I learned several things about playing in a concert. First, it was long for me to play. It was about 45 minutes of almost constant playing, and just sitting down for that long is unusual for me, not to mention holding up a viola... I kept expecting our director to stop us and tell us to re do a section, but she kept going. By the end, I was worn out.

Another thing I learned is that playing music in an auditorium sounds different than playing it in a practice room. In the room, the best place to listen is in the middle of the viola section. There are vibrations all around and your are completely surrounded by the sound from the cellos and the other violas, not to mention your own instrument. I know that cellos have lower notes than the C string, but they don't hold their instruments to their chins.

In the auditorium, I could not hear the other instruments nearly as well, it sounded like we were playing into space (which we were, I suppose). That part was not as much fun.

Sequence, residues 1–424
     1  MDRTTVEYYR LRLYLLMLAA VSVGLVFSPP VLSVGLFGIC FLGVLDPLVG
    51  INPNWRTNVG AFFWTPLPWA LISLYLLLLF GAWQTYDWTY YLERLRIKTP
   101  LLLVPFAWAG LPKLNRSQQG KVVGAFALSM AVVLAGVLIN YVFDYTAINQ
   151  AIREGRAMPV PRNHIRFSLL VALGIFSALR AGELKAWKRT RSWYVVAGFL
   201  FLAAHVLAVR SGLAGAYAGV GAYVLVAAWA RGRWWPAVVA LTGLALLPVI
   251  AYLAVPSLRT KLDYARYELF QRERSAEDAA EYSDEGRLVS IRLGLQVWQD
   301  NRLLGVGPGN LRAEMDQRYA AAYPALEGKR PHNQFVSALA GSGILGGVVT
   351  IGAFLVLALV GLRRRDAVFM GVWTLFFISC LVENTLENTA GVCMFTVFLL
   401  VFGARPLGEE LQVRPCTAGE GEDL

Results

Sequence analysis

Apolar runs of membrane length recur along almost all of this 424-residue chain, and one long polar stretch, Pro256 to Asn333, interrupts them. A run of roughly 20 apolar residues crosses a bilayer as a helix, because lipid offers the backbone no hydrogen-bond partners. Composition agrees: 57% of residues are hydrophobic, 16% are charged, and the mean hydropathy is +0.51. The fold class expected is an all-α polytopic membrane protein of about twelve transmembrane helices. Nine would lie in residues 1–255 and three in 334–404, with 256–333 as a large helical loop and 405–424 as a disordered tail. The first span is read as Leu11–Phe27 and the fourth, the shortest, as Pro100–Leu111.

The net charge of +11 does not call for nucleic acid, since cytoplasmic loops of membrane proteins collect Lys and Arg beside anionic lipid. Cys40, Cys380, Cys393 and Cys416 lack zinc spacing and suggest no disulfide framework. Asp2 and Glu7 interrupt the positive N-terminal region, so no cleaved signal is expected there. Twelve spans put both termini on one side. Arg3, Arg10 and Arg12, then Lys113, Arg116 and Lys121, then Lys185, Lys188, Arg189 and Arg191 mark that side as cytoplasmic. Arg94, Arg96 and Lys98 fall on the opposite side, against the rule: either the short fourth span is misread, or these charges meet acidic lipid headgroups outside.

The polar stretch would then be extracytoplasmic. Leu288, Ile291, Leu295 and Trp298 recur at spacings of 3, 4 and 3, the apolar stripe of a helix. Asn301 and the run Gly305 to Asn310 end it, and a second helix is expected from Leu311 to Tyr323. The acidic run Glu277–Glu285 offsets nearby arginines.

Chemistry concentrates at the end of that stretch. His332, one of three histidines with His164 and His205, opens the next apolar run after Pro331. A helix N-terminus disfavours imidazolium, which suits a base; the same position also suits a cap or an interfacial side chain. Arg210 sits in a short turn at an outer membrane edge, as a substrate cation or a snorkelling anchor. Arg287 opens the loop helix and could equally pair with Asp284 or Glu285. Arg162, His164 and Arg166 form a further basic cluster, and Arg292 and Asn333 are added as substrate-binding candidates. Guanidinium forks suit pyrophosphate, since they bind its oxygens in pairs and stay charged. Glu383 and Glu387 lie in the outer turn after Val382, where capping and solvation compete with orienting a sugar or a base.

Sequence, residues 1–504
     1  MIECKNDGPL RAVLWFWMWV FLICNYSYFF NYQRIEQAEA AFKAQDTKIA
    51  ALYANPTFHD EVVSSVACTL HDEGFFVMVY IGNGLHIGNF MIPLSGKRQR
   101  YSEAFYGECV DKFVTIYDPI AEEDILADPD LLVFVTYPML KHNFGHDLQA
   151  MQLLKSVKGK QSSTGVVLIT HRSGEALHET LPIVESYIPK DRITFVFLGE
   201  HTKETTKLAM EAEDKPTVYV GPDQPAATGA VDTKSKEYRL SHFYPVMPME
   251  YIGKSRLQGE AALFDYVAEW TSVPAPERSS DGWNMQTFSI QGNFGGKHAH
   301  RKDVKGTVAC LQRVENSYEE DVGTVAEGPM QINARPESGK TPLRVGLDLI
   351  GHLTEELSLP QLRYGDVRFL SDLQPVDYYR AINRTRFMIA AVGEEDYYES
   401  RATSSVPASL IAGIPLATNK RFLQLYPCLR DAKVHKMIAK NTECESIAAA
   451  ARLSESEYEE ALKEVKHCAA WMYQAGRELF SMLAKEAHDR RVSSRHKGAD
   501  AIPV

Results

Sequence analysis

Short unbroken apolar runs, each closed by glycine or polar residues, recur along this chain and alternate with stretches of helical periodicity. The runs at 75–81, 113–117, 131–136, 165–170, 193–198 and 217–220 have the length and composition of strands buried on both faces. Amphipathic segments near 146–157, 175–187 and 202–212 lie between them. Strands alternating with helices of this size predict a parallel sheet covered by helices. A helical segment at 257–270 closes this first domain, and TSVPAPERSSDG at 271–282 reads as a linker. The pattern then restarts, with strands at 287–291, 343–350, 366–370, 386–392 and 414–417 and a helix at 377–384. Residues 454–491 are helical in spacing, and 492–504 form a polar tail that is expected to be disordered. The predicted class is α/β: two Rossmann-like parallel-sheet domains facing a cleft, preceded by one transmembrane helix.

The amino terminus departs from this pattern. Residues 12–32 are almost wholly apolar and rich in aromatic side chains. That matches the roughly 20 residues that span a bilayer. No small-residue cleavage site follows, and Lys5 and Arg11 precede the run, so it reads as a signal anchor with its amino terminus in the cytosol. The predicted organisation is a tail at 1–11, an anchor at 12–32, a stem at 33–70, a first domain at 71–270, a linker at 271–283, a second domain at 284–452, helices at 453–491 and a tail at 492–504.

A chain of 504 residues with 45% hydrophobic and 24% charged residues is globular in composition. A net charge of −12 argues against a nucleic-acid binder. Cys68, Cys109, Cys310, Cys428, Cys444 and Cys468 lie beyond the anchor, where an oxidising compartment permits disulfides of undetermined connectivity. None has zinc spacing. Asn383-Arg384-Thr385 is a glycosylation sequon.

On the other hand, playing for an audience was fun... Although the reason to play in a community orchestra is not primarily for the sake of the audience. I think that was the reason I was not as nervous as I  thought I would be. I flubbed many notes, but I worried more about disappointing my orchestra mates than the audience. It may have helped that I was sitting in the back row and couldn't see anyone in the audience (Amanda said that she watched my bow tip because she couldn't see me).

The main thing I learned is that the best way to enjoy music is by playing it with other people. I highly recommend it!

Monday, December 10, 2018

Puzzling